15 February, 2009

Art solutions

Sushma Joshi Sunday February 15, 2009
A group of young schoolchildren sat on the floor and listened to their teacher, who stood in front of a painting by Gaugain, explaining the difference between the West and other cultures. I was in the Reina Sofia museum in Madrid. I watched with amazement as the group of five year olds listened to their teacher with complete attention. The teacher, looking about, chose a child to ask a question, and the forest of eager hands said there was more than one child who wanted to answer. A day ago, I'd watched a similar group of children listen to their teacher tell them about a gigantic painting of a long-dead royal family at the Prado Museum. The reverence with which the children sat in front of the paintings was palpable.

For a Nepali visitor in Spain, the question inevitably rises -- how can the citizens of these countries imagine a world in which the traffic always flows smoothly, electricity and water is available to all, and education is plentiful, while ours struggles with dysfunctional systems which can't provide these basic necessities? To me, the answer is not just that we suffer from poverty (we don't, we have some of the most plentiful natural and human resources in the world) but because we suffer from a lack of creativity. And creativity, and the philosophical basis of humanism which sees basic necessities as rights of all citizens, of course, is a learnt concept. Unless we teach our children these concepts, they don't manifest in our daily lives.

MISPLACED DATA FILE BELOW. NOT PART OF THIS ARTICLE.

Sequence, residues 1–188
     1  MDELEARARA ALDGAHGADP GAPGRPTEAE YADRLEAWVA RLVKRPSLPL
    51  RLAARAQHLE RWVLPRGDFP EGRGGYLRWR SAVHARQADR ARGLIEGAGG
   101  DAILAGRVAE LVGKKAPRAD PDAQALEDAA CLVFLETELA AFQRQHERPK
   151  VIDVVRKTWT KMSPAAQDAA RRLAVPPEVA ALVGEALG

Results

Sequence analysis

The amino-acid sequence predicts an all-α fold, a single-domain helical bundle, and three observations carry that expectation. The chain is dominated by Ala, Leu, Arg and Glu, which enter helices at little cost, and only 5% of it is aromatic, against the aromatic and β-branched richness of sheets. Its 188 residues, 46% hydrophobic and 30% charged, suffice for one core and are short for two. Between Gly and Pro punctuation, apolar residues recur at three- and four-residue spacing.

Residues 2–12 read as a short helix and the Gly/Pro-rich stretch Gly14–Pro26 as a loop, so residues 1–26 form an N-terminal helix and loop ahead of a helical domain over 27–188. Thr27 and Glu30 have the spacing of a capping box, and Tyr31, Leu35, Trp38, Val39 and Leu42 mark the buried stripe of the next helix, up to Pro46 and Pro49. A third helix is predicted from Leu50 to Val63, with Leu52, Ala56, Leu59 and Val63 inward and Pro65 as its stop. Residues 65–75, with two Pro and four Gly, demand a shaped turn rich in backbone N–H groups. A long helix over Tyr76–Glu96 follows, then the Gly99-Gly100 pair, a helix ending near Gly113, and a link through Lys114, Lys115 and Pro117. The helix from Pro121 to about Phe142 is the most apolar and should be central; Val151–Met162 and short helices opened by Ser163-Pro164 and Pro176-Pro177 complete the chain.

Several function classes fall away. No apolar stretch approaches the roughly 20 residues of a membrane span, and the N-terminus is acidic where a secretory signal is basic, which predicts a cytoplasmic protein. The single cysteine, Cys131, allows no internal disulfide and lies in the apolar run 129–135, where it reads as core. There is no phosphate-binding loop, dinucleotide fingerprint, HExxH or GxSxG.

Art of course is not just the frivolous creations to be bought by rich people. Art also reflects and shapes the nation. There is a famous series by Goya which depicts industry, commerce, agriculture and poetry -- the building blocks of a nation. In the three major museums of Madrid, the Prado, the Reina Sofia and the Thyssen Bornemisza, I saw lines of people lining up to see the works that lie there. And the Spanish leave nobody out --from major to minor artists, they are all there, waiting for people to see again and recapitulate hundreds of years of history.

I often hear the boast that Nepal has many “living museums.” Unfortunately, this doesn't mean we take our children there and explain to them the history and significance of these places, or teach them how to continue the crafts and arts which made these living museums possible in the first place. “We shouldn't be proud of ourselves because of what our ancestors did four hundred years ago,” an eminent artist said to me recently. Why not, I inquired. “Because we haven't anything to show for ourselves at the present,” he responded. And in truth, I have to say that the work that came out of this country a few hundred years ago far excels the work being produced in Nepal at the current time.

And for a country of twenty-six million people, we have yet to build ourselves a museum of contemporary art. Of course we have plenty of private citizens who own not just paintings, but also sculpture, pottery, negatives of photographs, old film and other works which would fill more than one museum. Even if the Chitrakars did a spring clean of their attics, no doubt Kathmandu would have a world class museum, I joked to a Chitrakar friend. And I have no doubt our most well-known artists, as well as emerging ones, would not hesitate to donate their works were such an institution to coalesce into existence.